Measure Patient Satisfaction
The information satisfaction questionnaire
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As the benefits of providing accurate information for patients are now undisputable, additional measures are being introduced in the majority of cancer clinics. It is important to measure the satisfaction of patients and modify and improve information strategies in response to their feedback. Previously no robust measures of satisfaction have existed, specific to information. We therefore developed, a questionnaire based on the feed back of consecutive patients with a diagnosis of cancer. From this information a one-page questionnaire has been developed with a 5 point scale for 6 individual sections. This questionnaire has been used in the Anglia Cancer Network to help modify information services and audit their effectiveness in clinical practice.
The methodology of its development and was presented in the 2002 British Oncology Association (BOA) conference and the European Society of Medical Oncology conference Nice 2002 is highlighted on this page. Versions in different languages are available free by clicking on the titles below (please feel free to use it in your department).
Measuring information strategies in Oncology
Developing an information satisfaction questionnaire.
R.J.Thomas1,2 Kaminski E, Williams M.
Patients & methods:
Results and development of the questionnaire:
The panel had prospectively decided that the questionnaire should be no longer than one side of A4 paper, for it to be a robust working tool suitable for busy working oncology departments. The comments were therefore, combined into 5 comparably weighted sections based on similarity of subject, making it both simpler to complete and analyse, yet still able to detect deficits in area of patient concerns. The score for each section was then determined by a standard 5 point Likert scale. An additional question was also included to give patients the opportunity to provide a score to overall performance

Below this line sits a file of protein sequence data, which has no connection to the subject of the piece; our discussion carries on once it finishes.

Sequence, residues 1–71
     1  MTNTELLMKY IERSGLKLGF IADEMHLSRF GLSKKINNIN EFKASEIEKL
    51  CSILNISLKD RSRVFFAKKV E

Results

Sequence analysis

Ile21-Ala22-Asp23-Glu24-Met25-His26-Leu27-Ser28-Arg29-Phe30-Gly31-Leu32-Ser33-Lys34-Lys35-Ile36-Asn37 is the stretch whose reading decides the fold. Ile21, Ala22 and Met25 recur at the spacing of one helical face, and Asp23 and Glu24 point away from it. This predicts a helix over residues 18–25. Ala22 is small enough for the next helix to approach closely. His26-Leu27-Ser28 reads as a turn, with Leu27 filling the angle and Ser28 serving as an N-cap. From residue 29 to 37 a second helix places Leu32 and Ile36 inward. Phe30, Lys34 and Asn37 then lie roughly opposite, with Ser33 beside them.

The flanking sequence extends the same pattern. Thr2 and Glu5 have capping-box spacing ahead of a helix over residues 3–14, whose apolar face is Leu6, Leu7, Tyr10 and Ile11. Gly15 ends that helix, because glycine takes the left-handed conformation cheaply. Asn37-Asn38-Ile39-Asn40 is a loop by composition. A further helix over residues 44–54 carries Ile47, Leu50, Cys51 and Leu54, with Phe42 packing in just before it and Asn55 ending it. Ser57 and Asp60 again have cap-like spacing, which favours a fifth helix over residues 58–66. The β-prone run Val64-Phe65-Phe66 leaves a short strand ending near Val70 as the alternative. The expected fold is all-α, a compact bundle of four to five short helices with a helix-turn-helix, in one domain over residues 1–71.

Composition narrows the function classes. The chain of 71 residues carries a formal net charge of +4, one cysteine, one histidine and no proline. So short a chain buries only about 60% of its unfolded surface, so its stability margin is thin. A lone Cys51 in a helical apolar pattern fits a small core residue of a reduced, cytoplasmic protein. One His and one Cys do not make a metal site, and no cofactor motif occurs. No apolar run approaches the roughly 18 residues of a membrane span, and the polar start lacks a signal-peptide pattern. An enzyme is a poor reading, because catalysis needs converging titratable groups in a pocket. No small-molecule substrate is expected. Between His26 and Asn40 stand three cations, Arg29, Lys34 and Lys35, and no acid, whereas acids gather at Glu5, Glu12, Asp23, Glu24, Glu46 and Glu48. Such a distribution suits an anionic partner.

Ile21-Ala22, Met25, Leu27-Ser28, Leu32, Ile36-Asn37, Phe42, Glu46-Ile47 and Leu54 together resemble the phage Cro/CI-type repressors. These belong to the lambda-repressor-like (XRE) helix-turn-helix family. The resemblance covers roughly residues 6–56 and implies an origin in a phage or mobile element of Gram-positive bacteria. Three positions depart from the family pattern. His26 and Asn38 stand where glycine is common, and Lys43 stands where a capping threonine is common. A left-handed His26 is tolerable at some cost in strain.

The purpose of the questionnaire was also to look for deficits between patient types, including age, male, female, ethnic groups, tumour diagnosis and whether in a clinical trial. These questions were therefore included. A brief idea of the level of information required was also included based on our previous adaptation of an original information needs questionnaire developed for a West of Scotland survey.
Despite the caveats and assumption in the design of this questionnaire, its simple one page format makes it a practical robust tool for auditing patient oriented information concerns within busy oncology departments. Its simplicity also allows easy evaluation, as a glance at the tabulated results demonstrates deficit within information subgroups and simple analysis highlighted inconsistencies within patient subgroups. A summary of it potential uses are displayed in table 5. It can be used as a longitudinal study to evaluate the introduction of new information strategy such as ethnic language videos, or compare separate hospitals. For these reasons the questionnaire has been officially taken up by the Anglian Cancer Network and an audit across the region is planned annually.
Acknowledgements We wish to thank: The new opportunities fund for their financial support for translating the questionnaire; Cancernet.co.uk for web hosting the questionnaires free of charge; The patients and staff for their time and effort within the Information for Patients Research Group. Please feel free to use the questionnaire in your unit (It's free but please send us a quick email to let us know - firstname.lastname@example.org)